ABOARD THE PAPAL PLANE (AP) — Pope Francis acknowledged Saturday that he can no longer travel like he used to because of his strained knee ligaments, saying his weeklong Canadian pilgrimage was “a bit of a test” that showed he needs to slow down and one day possibly retire.
Speaking to reporters while traveling home from northern Nunavut, the 85-year-old Francis stressed that he hadn’t thought about resigning but said “the door is open” and there was nothing wrong with a pope stepping down.
“It’s not strange. It’s not a disaster. You can change the pope,” he said while sitting in an airplane wheelchair during a 45-minute news conference.
Francis said that while he hadn’t considered resigning until now, he realizes he has to at least slow down.
“I think at my age and with these limitations, I have to save (my energy) to be able to serve the church, or on the contrary, think about the possibility of stepping aside,” he said.
Francis was peppered with questions about the future of his pontificate following the first trip in which he used a wheelchair, walker and cane to get around, sharply limiting his program and ability to mingle with crowds.
He strained his right knee ligaments earlier this year, and continuing laser and magnetic therapy forced him to cancel a trip to Africa that was scheduled for the first week of July.
The Canada trip was difficult, and featured several moments when Francis was clearly in pain as he maneuvered getting up and down from chairs.
At the end of his six-day tour, he appeared in good spirits and energetic, despite a long day traveling to the edge of the Arctic on Friday to again apologize to Indigenous peoples for the injustices they suffered in Canada’s church-run residential schools.
Francis ruled out having surgery on his knee, saying it would not necessarily help and noting “there are still traces” from the effects of having undergone more than six hours of anesthesia in July 2021 to remove 33 centimeters (13 inches) of his large intestine .
“I’ll try to continue to do the trips and be close to people because I think it’s a way of servicing, being close. But more than this, I can’t say, “he said Saturday.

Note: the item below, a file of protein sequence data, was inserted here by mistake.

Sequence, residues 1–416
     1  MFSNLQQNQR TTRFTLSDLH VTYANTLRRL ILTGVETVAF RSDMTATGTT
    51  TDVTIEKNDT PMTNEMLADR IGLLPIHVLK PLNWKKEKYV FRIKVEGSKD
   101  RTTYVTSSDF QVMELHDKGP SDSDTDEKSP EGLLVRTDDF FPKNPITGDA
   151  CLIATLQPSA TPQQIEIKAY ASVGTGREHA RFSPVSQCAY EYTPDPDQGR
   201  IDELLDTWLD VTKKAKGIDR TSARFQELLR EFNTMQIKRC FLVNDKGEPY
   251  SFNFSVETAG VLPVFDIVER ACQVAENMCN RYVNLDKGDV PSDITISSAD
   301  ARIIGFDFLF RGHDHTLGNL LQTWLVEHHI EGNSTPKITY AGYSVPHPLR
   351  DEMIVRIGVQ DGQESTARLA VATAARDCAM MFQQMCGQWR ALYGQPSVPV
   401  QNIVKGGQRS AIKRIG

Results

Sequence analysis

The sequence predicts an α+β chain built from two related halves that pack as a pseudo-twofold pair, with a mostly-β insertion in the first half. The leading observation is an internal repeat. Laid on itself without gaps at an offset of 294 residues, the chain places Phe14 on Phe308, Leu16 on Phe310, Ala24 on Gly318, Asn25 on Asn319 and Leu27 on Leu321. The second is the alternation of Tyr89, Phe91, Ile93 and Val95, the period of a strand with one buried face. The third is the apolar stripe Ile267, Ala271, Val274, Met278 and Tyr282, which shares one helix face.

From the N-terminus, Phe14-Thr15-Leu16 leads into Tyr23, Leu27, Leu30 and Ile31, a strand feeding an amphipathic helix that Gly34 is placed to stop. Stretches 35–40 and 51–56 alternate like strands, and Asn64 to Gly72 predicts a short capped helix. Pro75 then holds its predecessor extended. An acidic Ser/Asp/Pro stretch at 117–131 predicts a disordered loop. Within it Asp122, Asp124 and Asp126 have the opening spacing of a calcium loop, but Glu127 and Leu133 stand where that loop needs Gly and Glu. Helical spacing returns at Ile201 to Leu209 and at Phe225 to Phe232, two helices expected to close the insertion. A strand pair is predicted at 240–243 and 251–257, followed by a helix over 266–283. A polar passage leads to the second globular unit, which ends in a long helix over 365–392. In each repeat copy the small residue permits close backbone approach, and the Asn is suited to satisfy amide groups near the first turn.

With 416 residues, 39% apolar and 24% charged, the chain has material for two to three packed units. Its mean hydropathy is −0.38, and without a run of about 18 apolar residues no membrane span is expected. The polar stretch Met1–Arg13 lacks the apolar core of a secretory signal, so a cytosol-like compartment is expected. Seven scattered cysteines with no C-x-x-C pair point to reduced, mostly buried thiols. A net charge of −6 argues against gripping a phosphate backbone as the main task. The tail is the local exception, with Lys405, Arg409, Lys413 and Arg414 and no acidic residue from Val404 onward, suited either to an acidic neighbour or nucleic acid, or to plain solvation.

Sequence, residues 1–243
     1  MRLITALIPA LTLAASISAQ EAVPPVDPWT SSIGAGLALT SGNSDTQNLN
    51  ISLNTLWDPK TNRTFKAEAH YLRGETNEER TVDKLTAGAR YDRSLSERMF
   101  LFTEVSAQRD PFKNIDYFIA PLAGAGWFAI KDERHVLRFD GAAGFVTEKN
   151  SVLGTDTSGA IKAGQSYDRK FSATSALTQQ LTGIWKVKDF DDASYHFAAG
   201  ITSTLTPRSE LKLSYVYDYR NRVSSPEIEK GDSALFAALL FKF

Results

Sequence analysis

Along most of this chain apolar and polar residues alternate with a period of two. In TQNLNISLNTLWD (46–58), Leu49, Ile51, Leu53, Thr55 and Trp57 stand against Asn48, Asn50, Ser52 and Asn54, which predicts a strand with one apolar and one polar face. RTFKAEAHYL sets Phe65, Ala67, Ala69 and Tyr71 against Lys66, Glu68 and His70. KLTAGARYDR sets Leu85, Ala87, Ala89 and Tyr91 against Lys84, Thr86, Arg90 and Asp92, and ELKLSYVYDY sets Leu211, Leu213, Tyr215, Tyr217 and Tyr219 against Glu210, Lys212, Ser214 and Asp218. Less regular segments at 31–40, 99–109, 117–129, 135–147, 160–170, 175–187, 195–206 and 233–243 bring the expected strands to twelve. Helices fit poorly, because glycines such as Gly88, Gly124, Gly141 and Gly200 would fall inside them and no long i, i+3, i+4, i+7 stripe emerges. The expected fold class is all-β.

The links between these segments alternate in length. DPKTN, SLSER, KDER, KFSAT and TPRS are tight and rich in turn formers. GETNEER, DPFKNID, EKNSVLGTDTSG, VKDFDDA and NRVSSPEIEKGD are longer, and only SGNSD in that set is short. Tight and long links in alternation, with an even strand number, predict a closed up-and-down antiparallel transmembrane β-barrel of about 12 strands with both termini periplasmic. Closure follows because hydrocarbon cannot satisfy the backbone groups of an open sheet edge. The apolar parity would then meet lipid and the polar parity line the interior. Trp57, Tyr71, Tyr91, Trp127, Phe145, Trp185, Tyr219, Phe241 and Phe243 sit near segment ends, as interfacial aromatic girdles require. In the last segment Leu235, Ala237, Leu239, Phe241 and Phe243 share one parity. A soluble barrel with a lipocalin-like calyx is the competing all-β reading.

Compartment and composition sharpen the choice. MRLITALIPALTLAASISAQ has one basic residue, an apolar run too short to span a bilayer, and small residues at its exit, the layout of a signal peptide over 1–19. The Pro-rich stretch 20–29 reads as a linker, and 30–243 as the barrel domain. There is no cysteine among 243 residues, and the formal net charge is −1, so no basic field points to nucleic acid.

In other comments aboard the papal plane, Francis:
— Agreed that the attempt to eliminate Indigenous culture in Canada through a church-run residential school system amounted to a cultural “genocide.” Francis said he didn’t use the term during his Canada trip because it didn’t come to mind. Canada’s Truth and Reconciliation Commission determined in 2015 that the forced removal of Indigenous children from their homes and placement in church-run residential schools to assimilate them into Christian, Canadian constituted a “cultural genocide.”
“It’s true I didn’t use the word because it didn’t come to mind, but I described genocide, no?” Francis said. “I apologized, I asked forgiveness for this work, which was genocide.”
— Suggested he was not opposed to a development of Catholic doctrine on the use of contraception. Church teaching prohibits artificial contraception. Francis noted that a Vatican think tank recently published the acts of a congress where a modification to the church’s absolute “no” was discussed. He stressed that doctrine can develop over time and that it was the job of theologians to pursue such developments, with the pope ultimately deciding.
Francis noted that church teaching on atomic weapons was modified during his pontificate to consider not only the use but the mere possession of atomic weapons as immoral and to consider the death penalty immoral in all cases.
— Confirmed he hoped to travel to Kazakhstan in mid-September for an interfaith conference where he might meet with Russian Orthodox Patriarch Kirill, who has justified the war in Ukraine. Francis also said he wants to go to Kyiv, Ukraine’s capital, though no trip has yet been confirmed. He said he hoped to reschedule the trip to South Sudan he canceled because of his knee problems. He said the Congo leg of that trip would probably have to be put off until next year because of the rainy season.
Associated Press religion coverage receives support through the AP’s collaboration with The Conversation US, with funding from Lilly Endowment Inc. The AP is solely responsible for this content.